Lawmaker fears sour taste from 'cherry-picking' property tax relief
Illinois needs to enlarge its tax base and invest in businesses rather than "cherry-picking benefits for certain people," state Rep. Sheri Jesiel (R-Antioch) recently told the House.
Jesiel was arguing against adopting H.B. 156, a bill that would provide property tax exemptions to select property owners in Illinois. Spearheaded by state Rep. Michelle Mussman (D-Schaumburg), the measure would create new property tax exemptions for longtime homeowners and people with disabilities while increasing the maximum exemptions for the general homestead exemption, the senior citizens homestead exemption, and the Senior Citizen Real Estate Tax Deferral program. It would also change some aspects of the veterans homestead exemption.
“The best way to lower the tax burden for homeowners is to get commercial investment and expand our tax base,” Jesiel said. “We chip around at the edges, we fiddle around with giving exemptions – some of which are not even means-tested – that go to wealthy people who can afford to foot the bill, and we push it onto people who may or may not be able to stay in their homes. If we really want to relieve the burden, we need to relieve the burden by expanding our tax base. If this puts more of the burden on commercial properties, we’ve just blown the whole thing up.”
Jesiel echoed comments by state Rep. David Harris (R-Mount Prospect) that the exemptions will shift the property tax burden onto others and could scare away businesses.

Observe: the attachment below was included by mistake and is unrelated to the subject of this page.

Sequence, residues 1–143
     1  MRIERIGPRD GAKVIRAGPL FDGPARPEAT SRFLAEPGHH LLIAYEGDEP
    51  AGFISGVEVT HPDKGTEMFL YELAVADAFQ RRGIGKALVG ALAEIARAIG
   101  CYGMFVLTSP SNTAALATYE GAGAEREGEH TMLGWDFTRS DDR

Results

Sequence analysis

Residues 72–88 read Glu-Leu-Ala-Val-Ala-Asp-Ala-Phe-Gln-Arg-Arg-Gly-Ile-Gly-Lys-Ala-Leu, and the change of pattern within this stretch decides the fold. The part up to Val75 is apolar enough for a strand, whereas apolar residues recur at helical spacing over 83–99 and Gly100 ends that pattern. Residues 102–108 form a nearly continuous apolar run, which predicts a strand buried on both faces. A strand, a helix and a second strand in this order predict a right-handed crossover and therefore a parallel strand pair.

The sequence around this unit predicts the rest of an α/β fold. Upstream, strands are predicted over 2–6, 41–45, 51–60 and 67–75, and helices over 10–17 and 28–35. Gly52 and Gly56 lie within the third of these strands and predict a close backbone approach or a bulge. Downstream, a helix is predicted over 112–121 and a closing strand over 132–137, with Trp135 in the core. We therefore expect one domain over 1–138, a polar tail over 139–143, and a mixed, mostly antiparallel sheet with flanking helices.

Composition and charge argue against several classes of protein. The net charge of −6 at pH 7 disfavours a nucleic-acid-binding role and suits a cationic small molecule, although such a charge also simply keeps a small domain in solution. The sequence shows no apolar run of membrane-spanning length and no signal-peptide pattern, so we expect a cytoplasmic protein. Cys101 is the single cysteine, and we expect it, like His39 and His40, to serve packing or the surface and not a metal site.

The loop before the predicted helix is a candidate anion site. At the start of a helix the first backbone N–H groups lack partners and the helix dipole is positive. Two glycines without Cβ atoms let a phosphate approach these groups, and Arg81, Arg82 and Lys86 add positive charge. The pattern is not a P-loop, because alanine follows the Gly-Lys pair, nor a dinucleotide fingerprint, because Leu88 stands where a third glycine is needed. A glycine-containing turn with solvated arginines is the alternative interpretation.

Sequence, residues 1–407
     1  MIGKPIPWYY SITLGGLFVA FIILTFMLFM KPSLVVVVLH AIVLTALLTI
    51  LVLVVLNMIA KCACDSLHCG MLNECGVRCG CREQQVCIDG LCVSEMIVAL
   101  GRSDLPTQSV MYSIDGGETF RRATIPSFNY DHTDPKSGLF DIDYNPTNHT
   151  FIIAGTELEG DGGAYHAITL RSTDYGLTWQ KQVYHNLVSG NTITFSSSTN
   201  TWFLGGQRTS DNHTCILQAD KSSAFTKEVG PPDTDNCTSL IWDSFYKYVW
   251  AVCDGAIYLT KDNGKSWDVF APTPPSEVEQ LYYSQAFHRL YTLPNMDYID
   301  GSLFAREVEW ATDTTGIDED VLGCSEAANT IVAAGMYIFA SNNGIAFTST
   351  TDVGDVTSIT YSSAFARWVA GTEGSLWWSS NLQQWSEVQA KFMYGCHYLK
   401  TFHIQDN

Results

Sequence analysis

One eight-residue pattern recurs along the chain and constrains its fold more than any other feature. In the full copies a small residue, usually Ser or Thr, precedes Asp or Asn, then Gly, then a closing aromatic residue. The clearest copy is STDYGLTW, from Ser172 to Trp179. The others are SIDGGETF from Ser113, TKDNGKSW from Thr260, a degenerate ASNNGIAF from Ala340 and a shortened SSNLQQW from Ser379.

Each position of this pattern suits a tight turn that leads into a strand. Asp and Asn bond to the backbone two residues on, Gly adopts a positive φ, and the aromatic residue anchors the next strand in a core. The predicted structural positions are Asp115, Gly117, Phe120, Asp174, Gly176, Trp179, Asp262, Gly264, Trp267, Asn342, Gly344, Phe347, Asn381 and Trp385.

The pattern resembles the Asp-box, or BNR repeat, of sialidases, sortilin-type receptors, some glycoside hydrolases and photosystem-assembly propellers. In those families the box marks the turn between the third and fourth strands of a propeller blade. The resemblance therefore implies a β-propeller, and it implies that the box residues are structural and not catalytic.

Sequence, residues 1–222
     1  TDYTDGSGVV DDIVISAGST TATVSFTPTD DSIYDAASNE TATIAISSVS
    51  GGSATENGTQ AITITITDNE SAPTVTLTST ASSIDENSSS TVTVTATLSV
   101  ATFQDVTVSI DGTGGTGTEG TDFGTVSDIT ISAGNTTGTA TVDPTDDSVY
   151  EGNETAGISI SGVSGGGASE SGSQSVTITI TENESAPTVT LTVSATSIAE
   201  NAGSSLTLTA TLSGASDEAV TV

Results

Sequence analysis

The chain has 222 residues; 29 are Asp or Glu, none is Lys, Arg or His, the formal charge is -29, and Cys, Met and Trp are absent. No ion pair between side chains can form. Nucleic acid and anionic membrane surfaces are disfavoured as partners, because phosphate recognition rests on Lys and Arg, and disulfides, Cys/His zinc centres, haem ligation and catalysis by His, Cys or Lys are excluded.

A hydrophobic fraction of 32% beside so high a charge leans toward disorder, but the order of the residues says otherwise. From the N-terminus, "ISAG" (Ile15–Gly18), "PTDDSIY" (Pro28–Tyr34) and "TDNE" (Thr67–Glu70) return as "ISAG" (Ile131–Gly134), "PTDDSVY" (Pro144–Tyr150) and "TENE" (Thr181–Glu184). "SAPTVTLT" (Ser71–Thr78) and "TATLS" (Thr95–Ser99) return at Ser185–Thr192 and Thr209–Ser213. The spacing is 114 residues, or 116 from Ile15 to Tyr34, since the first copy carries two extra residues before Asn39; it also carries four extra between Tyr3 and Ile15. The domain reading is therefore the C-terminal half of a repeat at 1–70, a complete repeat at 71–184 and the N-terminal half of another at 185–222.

“When you’re squeezing the balloon on one end, it’s coming out from other,” she said. “The biggest challenge here for our district is the lack of commercial investment. The effects of this bill are going to have a direct impact on who picks up the property tax tab when other people are exempted.”
Residing in Lake County near the Wisconsin border, Jesiel said she knows first-hand the costly effects of high property taxes, having witnessed businesses leaving the state. She implored the House to find an alternative.
“I urge you to reconsider [and] to go back to the table,” she said. “Let’s find ways to lower the tax burden by encouraging businesses to stay here instead of moving across the border, which they do into Wisconsin in my district, and taking their tax revenue with them. Lower the burden so that we can bring businesses back. That is not what we’re addressing. That is not what we are doing.”
She concluded that she would reluctantly vote for the bill but held out hope for a better solution.
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